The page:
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Pattern 55 - Coloured flowers

Someone sent me an email asking for patterns with flowers on. I replied that my patterns were Torchon lace , which didn't lend itself to flowery patterns, and I advised that she tried Bucks Point instead. Then I started thinking whether you could produce flowers with Torchon designs. Here is my first attempt.

Picture of lace

   Pattern of lace

Bobbins: 17 pairs (1 green, 1 orange and yellow, 15 cream)

Style: Torchon

   half stitch
   cloth stitch
   twist single pair
   cloth stitch and twist

   scallop (orange, yellow and grey)
   half stitch fan (orange, yellow and grey)
   zigzag (red)
   Bucks Point ground (grey)
   cloth footside (grey)


Follow the links above for explanation of how to work the different parts of the lace.

Peculiarities: I decided to use Bucks Point ground because Torchon ground looks all straight lines and right angles, which I was trying to avoid. Since Bucks Point ground tends to have a cloth footside, there is one of those as well. The zigzags could be considered as hearts, as there is only one bend, but the proportions aren't right for hearts! They are coloured by one green pair which starts where indicated (the colours in the pattern represent the colours of the thread rather than the type of stitch). These green workers travel from one zigzag (which is supposed to be leaves) to another as indicated on the pattern. Remember to twist pairs as they leave the cloth stitch zigzags.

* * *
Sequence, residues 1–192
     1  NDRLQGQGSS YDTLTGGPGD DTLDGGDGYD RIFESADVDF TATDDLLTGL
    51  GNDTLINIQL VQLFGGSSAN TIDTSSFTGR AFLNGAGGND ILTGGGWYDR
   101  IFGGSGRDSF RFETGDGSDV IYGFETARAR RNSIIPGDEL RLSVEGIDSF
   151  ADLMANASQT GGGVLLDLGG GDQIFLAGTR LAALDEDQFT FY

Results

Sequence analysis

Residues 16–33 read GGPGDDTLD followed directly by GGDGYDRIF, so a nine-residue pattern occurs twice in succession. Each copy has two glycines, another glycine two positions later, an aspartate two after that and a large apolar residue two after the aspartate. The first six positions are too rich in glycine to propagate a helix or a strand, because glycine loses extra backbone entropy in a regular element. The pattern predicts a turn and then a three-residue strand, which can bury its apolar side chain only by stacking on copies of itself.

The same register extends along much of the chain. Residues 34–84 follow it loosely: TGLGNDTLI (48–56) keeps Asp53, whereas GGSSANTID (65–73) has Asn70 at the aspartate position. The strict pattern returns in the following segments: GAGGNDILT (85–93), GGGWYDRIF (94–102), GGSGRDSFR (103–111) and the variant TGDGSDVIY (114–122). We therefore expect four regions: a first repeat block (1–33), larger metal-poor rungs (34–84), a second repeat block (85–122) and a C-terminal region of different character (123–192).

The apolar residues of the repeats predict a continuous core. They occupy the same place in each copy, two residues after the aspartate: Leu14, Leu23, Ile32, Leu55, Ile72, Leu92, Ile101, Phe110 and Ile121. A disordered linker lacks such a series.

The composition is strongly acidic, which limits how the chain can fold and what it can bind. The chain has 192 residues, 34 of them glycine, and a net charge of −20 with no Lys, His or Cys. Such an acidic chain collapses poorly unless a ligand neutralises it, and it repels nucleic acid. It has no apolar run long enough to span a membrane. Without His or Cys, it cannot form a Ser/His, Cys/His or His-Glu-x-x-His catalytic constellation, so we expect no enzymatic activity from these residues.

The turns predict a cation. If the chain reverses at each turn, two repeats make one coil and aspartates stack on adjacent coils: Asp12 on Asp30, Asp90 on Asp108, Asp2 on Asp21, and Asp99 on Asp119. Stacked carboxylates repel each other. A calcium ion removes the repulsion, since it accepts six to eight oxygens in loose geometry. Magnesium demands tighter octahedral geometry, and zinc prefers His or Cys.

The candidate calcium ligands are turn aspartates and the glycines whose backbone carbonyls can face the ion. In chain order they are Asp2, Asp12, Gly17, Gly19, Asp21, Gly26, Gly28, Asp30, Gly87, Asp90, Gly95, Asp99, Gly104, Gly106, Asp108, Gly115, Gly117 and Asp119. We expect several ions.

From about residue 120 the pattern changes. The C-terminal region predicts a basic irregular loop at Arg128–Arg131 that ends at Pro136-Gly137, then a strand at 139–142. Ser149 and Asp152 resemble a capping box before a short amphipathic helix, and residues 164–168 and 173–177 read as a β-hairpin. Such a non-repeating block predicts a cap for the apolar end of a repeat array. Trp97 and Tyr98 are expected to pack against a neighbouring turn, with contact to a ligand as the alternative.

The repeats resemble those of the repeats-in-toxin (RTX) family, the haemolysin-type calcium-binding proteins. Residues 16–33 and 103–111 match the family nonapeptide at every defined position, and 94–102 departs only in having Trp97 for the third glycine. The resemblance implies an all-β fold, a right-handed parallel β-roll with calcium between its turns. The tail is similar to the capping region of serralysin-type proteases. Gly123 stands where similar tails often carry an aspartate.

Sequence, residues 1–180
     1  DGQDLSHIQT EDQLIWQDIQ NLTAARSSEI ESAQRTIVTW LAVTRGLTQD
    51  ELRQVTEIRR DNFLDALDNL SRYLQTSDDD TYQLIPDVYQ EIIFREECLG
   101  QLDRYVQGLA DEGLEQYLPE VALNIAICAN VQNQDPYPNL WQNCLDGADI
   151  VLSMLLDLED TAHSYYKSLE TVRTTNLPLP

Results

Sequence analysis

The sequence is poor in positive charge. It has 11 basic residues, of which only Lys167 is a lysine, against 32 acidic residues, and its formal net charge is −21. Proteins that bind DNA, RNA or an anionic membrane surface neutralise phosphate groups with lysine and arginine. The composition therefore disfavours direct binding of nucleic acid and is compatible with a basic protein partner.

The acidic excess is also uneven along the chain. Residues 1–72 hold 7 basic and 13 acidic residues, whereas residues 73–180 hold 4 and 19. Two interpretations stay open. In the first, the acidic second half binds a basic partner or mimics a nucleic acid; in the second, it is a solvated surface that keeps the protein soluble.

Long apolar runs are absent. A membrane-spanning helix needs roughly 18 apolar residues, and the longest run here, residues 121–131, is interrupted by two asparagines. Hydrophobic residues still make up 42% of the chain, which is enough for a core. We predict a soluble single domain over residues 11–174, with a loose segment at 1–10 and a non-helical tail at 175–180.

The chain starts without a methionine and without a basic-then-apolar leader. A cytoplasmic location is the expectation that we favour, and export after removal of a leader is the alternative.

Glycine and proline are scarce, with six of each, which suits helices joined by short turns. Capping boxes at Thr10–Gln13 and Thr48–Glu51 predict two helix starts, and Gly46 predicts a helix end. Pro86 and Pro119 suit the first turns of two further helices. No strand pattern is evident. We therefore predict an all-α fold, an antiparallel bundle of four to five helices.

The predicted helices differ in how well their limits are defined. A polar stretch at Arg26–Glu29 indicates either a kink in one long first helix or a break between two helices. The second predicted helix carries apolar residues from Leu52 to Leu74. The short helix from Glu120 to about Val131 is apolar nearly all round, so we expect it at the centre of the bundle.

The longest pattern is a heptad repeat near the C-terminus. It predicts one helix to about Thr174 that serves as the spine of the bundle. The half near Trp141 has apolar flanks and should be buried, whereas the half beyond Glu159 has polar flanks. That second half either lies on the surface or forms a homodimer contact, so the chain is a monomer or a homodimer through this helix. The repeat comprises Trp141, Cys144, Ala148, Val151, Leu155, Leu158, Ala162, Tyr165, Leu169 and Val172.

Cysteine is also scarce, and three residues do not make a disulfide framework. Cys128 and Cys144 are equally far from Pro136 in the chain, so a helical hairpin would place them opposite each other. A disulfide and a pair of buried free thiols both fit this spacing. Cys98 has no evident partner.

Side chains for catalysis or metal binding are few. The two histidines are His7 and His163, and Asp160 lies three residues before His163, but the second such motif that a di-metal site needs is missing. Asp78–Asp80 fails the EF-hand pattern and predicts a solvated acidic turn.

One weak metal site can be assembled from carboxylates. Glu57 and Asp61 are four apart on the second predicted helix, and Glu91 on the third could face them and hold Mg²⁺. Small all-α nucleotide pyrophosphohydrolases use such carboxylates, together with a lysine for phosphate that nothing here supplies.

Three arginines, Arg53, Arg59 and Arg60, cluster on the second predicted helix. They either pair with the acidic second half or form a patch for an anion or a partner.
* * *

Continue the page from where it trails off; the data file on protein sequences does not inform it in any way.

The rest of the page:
The real fun with colour is in the fans and scallops! The passives for both are cream (you could use white or any other colour, of course). The worker pair for the scallops has two colours, which will colour the scallop as usual. I chose one thread to be yellow and one to be orange, but you could choose different colours (or of course you could make them both the same, or even the same as the passives).

Picture of lace
These two colours seem to blend together in the scallops.

But I have been particularly devious with the half stitch fans! If they had been cloth stitch, then there would not be a problem - the coloured pair would be used as workers throughout, and would colour the fan similar to the scallop. Colouring half stitch is more of a problem. However, I noticed that while there is not, strictly speaking, a worker pair in half stitch (although we often talk casually as if there were), there is a worker thread. The same thread is used in every stitch in a row. And, if you twist the last pair at the end of the row, you can make the same thread into the worker thread for the next row as well. This will colour the fan OK (if not as densely as a cloth fan, since there is only a thread rather than a pair), but what about the other thread? Well, it starts at the edge, and it stays at the edge! You may have to experiment to get the worker thread to stay as the worker thread, but I think the effect is worth the trouble! What is more, since I have made the two threads in the pair different colours, I can choose which colour I want the fan to be, by leaving the other thread at the edge.

Picture of lace

Generally speaking, with these fans and scallops, you will have to do a certain amount of surreptitious twisting of pairs to get the colours where you want them.